Do you know what osteoporosis is? Osteoporosis is a health condition that is related to your bones. It occurs when your body loses too much of the bone or has stopped making bones or is making too little bones. This results in making your bones so weak that even a little fall or minor bump can lead to breaking bones. In most cases, osteoporosis fractures will occur in your spine, wrist, or hips.
Our bones are constantly being broken and replaced. And, when this bone formation becomes too less or, in some cases, there is no bone formation — osteoporosis occurs. While osteoporosis is a common disease throughout the world, it is most common in Asian and white women. Women, post-menopause, and older women are at high risk of osteoporosis. You can turn to medication, weight-bearing exercises, and a healthy-diet for bettering your bones.
Let’s talk about osteoporosis in a little more detail:
What is osteoporosis?
Osteoporosis Risk Factors
What is osteoporosis?
The literal meaning of osteoporosis is “porous bone.” Medical experts say that when bones are looked at under a microscope they look like a honeycomb — and that is what healthy bones should look like. This structure changes slowly when osteoporosis occurs and your bones will not look like a honeycomb and the species look wider than before.
Bones that have suffered osteoporosis have lesser bone density and they will contain abnormal tissues. As the bone density decreases, they become weaker and they are therefore the risk of breaking bones increases. If you have ever broken bones, you must go for a bone density test. In the United States, more than 53 million people are either suffering from osteoporosis or at high risk of developing it. Osteoarthritis is also a bone condition like osteoporosis.
It is important to take a close look at your risks of developing osteoporosis. Usually, in the early stage, osteoporosis does not show any symptoms or signs. In most cases, people find that they have osteoporosis only after they have suffered a fracture.
Some of the osteoporosis symptoms that you can take care of in the early stage include weakened grip strength, receding gums, and weak and brittle nails. And, another thing you must take care of is —- if you have a family history of osteoporosis, you must talk to your doctor for early diagnosis.
Symptoms of Severe Osteoporosis.
Osteoporosis Worsens if left untreated.
If osteoporosis is left untreated for a longer period of time, it might worsen. With time, your bones become thinner and get weakened. This leads to an increased risk of fractures.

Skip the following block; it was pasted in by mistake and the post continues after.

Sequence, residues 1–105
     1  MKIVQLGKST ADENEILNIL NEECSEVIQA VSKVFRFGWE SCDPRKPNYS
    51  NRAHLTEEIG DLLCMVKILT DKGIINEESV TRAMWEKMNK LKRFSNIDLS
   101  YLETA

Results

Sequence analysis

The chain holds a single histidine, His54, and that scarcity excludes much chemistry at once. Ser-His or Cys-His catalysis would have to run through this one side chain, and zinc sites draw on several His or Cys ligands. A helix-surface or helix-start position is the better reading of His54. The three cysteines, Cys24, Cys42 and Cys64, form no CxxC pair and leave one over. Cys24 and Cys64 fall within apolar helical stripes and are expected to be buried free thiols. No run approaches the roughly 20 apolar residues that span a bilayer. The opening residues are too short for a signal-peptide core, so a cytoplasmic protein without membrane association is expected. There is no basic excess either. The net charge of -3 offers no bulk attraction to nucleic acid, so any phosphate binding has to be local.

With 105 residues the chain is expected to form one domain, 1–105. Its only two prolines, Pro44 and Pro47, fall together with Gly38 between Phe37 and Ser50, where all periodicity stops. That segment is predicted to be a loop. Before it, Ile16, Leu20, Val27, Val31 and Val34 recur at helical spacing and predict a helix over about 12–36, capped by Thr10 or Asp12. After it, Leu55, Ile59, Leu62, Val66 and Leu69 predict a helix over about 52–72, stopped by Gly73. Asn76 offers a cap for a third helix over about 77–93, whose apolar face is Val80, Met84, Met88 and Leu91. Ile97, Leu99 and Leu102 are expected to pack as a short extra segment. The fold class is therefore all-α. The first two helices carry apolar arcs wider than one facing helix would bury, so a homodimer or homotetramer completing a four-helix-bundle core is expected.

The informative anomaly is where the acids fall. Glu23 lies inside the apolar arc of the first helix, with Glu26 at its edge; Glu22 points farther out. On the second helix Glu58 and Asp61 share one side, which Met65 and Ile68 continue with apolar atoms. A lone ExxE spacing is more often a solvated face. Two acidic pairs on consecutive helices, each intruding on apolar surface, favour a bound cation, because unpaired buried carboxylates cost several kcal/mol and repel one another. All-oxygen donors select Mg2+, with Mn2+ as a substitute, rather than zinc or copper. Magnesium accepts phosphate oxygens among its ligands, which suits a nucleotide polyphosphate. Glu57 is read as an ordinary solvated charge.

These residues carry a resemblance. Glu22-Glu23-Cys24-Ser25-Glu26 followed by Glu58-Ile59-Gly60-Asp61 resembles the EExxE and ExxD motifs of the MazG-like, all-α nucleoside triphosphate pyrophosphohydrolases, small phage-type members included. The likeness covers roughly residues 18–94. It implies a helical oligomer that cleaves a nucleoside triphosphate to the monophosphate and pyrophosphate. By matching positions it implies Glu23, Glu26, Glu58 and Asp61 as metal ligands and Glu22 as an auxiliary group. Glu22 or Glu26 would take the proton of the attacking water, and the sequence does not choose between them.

You should know that you have severe osteoporosis if even strong sneezing or a fall could cause a fracture. It can also cause shortening of height, neck pain, or back pain. The vertebrae inside your neck become so fragile that it is unable to take the pressure and breaks.
There are a number of factors when it comes to healing the fracture caused due to osteoporosis — it would include the place of the fracture, your health history & age.
Now, you know what is osteoporosis — but do you know what causes osteoporosis? The most common causes of osteoporosis are a few of the health conditions like hyperthyroidism. It can also be caused due to certain kinds of medications.
Osteoporosis Risk Factors
Some of the most common osteoporosis risk factors are aging, menopause in women, poor nutrition & family history of osteoporosis. Let’s talk about each of these osteoporosis risk factors separately.
Age is the biggest factor for osteoporosis. Throughout the human life cycle, your bones decay and re-grow. But at a certain age (after your 30s) the bone formation becomes ever slower than bone decay. As a result, there only less dense bones are left making it fragile and weak. Therefore, your bones become more at risk of breakage.
Another major reason for osteoporosis is menopause. It occurs in women between the age of 45 to 55. Plenty of hormonal changes take place when a woman goes through menopause. Because of these hormonal changes, the body starts losing bones way more quickly. This bone loss rate in men is less as compared to women in the ages of 45 to 65. But after that men & women start losing bones at a similar rate.
Other Osteoporosis Risk Factors.
Women are more at risk.
Asian or White people are more at risk.
People with a family history of osteoporosis.
Lack of physical activity.
Low body weight.
People who smoke are more at risk.
While some of these risk factors are obvious and there are no tools to deal with them, there are others — you can take care of. You can develop a habit of daily exercising and eating nutritious foods for improving the health of your bones.
If you have osteoporosis, you’ll need to consult your doctor who will make sure to get you the best medications and important lifestyle changes that you would need to make for faster and better results. In the most probable cause, your doctor will suggest you increase the intake of vitamin D & calcium along with increasing physical activities.
While there isn’t any dedicated treatment for osteoporosis — if you make a few changes in your lifestyle and remain active, increase vitamin D & calcium intake — the speed of bone loss can be controlled and in many cases, the rate of bone formation may also increase.
In addition to following the treatment plan of your doctor, you must also take care of your diet for better results. There are certain nutrients that are specifically important for your bones that include vitamin D & calcium. While calcium supports your bone health, vitamin D helps in the absorption of calcium. Apart from vitamin D & calcium, other nutrients that support bone health include — zinc, vitamin K, and magnesium. Talk to your doctor for a better description of your osteoporosis diet plan.From the Web